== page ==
Such a wrongful investment has no gain and this why Taiwan has not made any significant achievement in getting the recognition it needed from the international community. Truly, the Gambian President should not take a unilateral decision to cut ties with Taiwan without cabinet consultations, without informing his ambassador and without parliamentary approval. It is rather unethical, unprofessional and undiplomatic. But using “strategic national interest” is rather a key factor to consider in building relations with any nation as it was a reason that was used by Taiwan in 2005 after Senegal resumed relations with the mainland.

The Gambia can resume relations with mainland China and wait for Taiwan to terminate the relationship but President Jammeh’s political ego will not allow him to let that happen. He would not like his opponents to conclude that he was “dumped by Taiwan” over human rights issues. If he lets that happen, it would only weaken him but for him to abruptly cut off ties is rather a strategic move as it is distractive and easily switches attention from the issues faced by Gambians.

DIPLOMATIC BACKFIRE
Nonetheless, this strategy by Banjul comes with its demerits as it shows the international community that he (President Jammeh) does not follow protocols and is unreliable to work with. This will make other countries not use him as their biggest ally. The Banjul Administration is likely to get lots of money from mainland China if it resumes relations, have some investments and aid. But the Jammeh Administration should know that, that would be very temporary. It will be a way to hype them. China has more important geo-political, economic and national interest in many other countries rather than the Gambia.

The Gambia will need more money than that which Taiwan might have been giving especially now that Banjul is facing off with its biggest development partner, the European Union. Recently, the EU has denied the Gambia over 10 million Euros. Banjul will thus need to build a relationship that will fill in that gap. What better country is there but China that have been accused of human rights violations. Indeed, Banjul will use these accusations of human rights and colonialism to befriend China.

If there exist a strategic scale of preference in China’s diplomacy, countries like the Gambia with very little or no influence in the international community will be at the bottom of its list. China does not need the Gambia. China building any relationship with the Gambia will be a way to weaken Taiwan and frustrate Taiwan’s diplomatic efforts. The Gambia on the other hand will need China not just financially but as its ticket to veto any resolution to be taken against Banjul.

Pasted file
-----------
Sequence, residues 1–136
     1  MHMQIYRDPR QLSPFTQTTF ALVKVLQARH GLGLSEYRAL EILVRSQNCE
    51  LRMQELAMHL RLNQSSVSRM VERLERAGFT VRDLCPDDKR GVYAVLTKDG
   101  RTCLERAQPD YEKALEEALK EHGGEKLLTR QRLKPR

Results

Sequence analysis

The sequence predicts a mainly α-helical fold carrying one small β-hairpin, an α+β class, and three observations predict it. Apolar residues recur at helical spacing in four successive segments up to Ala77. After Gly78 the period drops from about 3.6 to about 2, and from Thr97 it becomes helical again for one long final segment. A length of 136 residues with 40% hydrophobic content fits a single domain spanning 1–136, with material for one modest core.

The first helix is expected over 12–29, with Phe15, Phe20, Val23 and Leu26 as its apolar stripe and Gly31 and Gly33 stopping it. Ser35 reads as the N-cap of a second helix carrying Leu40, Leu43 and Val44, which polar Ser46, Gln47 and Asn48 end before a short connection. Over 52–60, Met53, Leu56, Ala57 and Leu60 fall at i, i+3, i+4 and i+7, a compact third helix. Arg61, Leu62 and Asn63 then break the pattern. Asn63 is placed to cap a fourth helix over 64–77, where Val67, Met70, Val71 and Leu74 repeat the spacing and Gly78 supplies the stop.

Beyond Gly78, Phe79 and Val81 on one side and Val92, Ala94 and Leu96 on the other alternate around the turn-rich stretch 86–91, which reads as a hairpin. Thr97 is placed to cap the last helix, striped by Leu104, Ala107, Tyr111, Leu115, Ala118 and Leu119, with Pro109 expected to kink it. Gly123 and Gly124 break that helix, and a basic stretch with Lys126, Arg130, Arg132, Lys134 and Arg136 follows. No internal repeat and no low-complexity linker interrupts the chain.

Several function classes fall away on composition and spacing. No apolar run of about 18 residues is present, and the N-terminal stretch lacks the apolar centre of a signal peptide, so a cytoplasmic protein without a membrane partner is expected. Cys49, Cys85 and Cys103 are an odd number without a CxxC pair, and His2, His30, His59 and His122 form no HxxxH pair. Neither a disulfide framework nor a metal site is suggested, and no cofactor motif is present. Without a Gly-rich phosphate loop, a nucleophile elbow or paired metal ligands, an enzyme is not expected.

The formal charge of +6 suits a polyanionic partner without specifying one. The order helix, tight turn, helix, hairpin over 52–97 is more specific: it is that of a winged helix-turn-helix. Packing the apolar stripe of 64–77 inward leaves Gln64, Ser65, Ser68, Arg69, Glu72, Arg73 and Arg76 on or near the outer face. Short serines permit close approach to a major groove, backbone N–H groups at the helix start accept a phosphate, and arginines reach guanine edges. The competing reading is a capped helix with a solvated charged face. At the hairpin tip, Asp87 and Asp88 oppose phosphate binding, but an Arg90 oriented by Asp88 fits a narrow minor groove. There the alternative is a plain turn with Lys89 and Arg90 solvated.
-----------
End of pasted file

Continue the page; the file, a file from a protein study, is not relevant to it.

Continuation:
Politically, China will not directly starts diplomatic relations with the Gambia right away but also do not be surprised if Banjul resumes relations with Taiwan after less than 5 years if China fails to meet its demands or giving less than the Taiwanese.

Lesson learnt or not, Taiwan should work with democratic countries, where rights of the people are secured and respected and should even sanction countries that abuse the constitutional rights of its citizens. This is rather a better strategy for Taiwan rather than money diplomacy with some of the world’s most brutal regimes. Dealing with brutal regimes and dictators only harms Taiwan’s efforts unknown to them.

Follow up on recommendations with The Charms of Diplomatic Divorce II in the coming days.
Written by Sam Phatey

Comments  

 
+1 #2 2013-11-27 04:11
Quoting Mike Scales:
This young man is definatley Phd..material.

..and a scholar of interesting and original idea's that he does not hesitate to give.

..


Agree..
original, unbias, uncorrupt,..his pendulum is definitely on the up swing
Quote
 
 
0 #1 2013-11-26 20:28
This young man is definatley Phd..material.

..and a scholar of interesting and original idea's that he does not hesitate to give.

Alas I am not qualified to mark his paper.

The world has changed so much in my time.
Quote